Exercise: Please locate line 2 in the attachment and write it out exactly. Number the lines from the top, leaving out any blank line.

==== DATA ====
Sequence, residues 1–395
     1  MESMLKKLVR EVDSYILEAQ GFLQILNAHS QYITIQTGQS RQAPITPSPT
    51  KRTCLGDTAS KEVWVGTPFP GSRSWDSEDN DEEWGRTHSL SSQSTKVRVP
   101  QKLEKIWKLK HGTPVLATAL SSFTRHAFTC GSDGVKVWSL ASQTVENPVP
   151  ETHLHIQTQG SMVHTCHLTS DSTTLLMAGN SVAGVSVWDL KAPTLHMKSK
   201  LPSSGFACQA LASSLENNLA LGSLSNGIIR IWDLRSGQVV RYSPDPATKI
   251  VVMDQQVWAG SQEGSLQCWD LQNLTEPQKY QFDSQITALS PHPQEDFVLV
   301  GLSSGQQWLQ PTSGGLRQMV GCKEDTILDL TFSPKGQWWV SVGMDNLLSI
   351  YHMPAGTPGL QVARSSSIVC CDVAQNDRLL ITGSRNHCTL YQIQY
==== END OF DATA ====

     1  MESMLKKLVR EVDSYILEAQ GFLQILNAHS QYITIQTGQS RQAPITPSPT